Micah describes an assembly of Jacob, a remnant, which will be gathered into a fold (bozrah). The one who breaks them out is clearly a reference to Messiah, the Good Shepherd:

I will surely assemble all of you, O Jacob, I will surely gather the remnant of Israel; I will put them together like sheep of the fold [בָּצְרָה [bāṣe] ], like a flock in the midst of their pasture; they shall make a loud noise because of so many people. The one who breaks open will come up before them; they will break out, pass through the gate, and go out by it; their king will pass before them, with the LORD at their head. (Mic. Mic. 2:12-13) [emphasis added]

The LORD will “gather” from their worldwide, age-long Diaspora the elect “remnant,” which will survive “the time of Jacob’s trouble” (Jer. Jer. 30:5-7), the Great Tribulation (Rev. Rev. 8:1+-Rev. 20:3+), preceding the establishment of the Kingdom over Israel (Rev. Rev. 20:4-6+; Acts Acts 1:7). . . . The saved remnant will be the nucleus of the millennial Kingdom. The LORD declared, I will put them together like the sheep of Bozrah (a region in Edom well known as a sheep-raising center). . . . They (the returning remnant of Israel) will follow “the breaker,” the Messiah, who will break through and open the way, going up before them. They, following Him, will break through the gate and go out from their captivity to glorious freedom.10

An appreciation of the ultimate setting of the previous passage sheds new light on the familiar teaching of Jesus:

Most assuredly, I say to you, he who does not enter the sheepfold by the door, but climbs up some other way, the same is a thief and a robber. But he who enters by the door is the shepherd of the sheep. To him the doorkeeper opens, and the sheep hear his voice; and he calls his own sheep by name and leads them out. And when he brings out his own sheep, he goes before them; and the sheep follow him, for they know his voice. Yet they will by no means follow a stranger, but will flee from him, for they do not know the voice of strangers. (John John 10:1-5)

Will the Jewish remnant of the time of the end be in such a physical “sheepfold” of sorts? Will they be reading these very words of Jesus penned by John thousands of years before their situation—waiting for the “shepherd of the sheep” to bring out his own sheep? Only time will tell.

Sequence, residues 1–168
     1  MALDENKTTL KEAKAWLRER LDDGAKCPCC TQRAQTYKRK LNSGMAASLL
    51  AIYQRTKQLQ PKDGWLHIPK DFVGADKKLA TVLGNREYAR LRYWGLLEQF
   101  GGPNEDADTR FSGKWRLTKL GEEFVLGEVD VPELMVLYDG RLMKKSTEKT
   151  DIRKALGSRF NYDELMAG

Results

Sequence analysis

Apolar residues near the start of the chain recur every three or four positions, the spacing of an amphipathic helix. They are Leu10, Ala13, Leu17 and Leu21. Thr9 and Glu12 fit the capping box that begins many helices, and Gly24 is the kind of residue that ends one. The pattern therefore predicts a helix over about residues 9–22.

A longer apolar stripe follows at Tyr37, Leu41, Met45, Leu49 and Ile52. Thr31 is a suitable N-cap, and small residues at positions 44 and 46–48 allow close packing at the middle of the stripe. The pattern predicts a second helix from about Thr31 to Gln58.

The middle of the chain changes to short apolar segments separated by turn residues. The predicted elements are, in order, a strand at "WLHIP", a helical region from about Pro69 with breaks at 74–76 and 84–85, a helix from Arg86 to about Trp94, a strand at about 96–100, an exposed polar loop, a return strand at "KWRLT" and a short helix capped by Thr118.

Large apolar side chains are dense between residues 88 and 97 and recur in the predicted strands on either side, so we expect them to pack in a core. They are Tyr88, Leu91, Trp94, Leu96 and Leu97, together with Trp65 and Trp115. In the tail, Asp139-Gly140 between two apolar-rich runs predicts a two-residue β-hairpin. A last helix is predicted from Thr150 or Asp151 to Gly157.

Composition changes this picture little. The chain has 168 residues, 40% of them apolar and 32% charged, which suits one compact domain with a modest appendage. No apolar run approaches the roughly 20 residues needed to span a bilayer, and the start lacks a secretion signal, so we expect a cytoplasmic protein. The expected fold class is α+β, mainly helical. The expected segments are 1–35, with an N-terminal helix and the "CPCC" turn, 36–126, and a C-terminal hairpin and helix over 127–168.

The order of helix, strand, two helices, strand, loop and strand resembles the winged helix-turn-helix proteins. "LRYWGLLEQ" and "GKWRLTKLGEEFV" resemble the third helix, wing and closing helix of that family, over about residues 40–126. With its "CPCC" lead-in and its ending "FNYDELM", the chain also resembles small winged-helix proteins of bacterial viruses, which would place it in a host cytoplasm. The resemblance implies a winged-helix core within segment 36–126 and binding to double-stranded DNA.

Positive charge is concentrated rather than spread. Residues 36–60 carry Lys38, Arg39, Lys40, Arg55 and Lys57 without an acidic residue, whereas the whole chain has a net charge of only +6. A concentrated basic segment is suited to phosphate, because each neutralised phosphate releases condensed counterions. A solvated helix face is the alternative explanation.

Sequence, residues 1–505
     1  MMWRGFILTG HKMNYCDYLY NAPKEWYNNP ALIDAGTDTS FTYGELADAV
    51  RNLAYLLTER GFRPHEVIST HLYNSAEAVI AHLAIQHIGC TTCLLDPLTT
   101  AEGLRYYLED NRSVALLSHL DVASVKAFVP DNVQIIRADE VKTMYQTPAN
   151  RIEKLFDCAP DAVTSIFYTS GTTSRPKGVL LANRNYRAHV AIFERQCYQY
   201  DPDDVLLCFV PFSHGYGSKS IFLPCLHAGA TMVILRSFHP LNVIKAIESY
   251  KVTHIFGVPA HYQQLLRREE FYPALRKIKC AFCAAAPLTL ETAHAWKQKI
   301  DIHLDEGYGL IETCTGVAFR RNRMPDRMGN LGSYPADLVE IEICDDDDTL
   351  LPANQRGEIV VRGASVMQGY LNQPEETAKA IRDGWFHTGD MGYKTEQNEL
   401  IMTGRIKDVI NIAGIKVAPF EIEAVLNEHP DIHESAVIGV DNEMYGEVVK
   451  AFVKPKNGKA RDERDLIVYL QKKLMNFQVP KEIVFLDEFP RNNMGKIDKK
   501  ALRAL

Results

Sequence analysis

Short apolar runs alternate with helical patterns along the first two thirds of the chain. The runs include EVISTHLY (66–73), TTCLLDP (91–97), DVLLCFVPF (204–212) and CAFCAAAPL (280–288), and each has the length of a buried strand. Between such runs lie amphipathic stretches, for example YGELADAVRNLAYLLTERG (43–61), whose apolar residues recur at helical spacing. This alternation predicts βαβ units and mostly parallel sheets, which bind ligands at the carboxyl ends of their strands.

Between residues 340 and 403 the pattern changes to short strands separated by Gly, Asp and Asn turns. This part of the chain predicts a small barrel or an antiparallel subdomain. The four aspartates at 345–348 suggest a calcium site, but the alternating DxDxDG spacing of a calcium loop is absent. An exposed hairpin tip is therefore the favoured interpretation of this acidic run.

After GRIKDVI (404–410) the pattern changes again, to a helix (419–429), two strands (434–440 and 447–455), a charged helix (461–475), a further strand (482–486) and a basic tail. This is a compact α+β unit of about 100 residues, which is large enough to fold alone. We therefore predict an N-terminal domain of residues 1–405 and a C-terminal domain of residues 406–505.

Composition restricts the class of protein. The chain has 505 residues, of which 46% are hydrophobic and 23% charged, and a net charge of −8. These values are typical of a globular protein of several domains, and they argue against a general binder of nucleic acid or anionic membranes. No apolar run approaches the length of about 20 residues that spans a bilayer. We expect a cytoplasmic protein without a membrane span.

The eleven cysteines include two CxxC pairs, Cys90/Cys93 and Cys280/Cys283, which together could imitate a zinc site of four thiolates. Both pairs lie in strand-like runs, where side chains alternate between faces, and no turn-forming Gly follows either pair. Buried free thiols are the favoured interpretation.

These references to Edom and Bozrah are indicators that at the Second Coming, God has business to take care of in Edom. That business involves the defense of his sheep, the Jewish remnant represented by the woman who flees the dragon. See Campaign of Armageddon.


Notes

1 Robert L. Thomas, Revelation 8-22 (Chicago, IL: Moody Press, 1995), Rev. 12:14.

2 Merrill F. Unger, Unger’s Commentary on the Old Testament (Chattanooga, TN: AMG Publishers, 2002), Isa. 15:4.

3 [Ibid., Isa. 16:1.] “Selah is generally supposed to be the same as Petra, which in Greek signifies a rock, the celebrated capital of Arabia Petraea.”—Jerome Smith, The New Treasury of Scripture Knowledge (Nashville, TN: Thomas Nelson Publishers, 1992), 2K. 14:7.

4 “The passage [Dan. Dan. 11:41] states that while Antichrist will conquer the whole world, there nations will escape his domination: Edom, Moab, and Ammon. All three of these ancient nations currently comprise the single modern kingdom of Jordan.”—Arnold G. Fruchtenbaum, The Footsteps of Messiah, rev ed. (Tustin, CA: Ariel Ministries, 2003), 297.

5 Image courtesy of the Perry-Casta?eda Library Map Collection, University of Texas at Austin. [www.lib.utexas.edu/maps]

6 Ulrich Hart and H?bner, “Bozrah in Edom,” in David Noel Freeman, ed., The Anchor Bible Dictionary (New York, NY: Doubleday, 1996, c1992), 1:774.

7 Unger, Unger’s Commentary on the Old Testament, Hab. 3:3-7.

8 Ibid., Ps. 60:9.

9 Fruchtenbaum, The Footsteps of Messiah, 296-297.

10 Unger, Unger’s Commentary on the Old Testament, Mic. 2:12-13.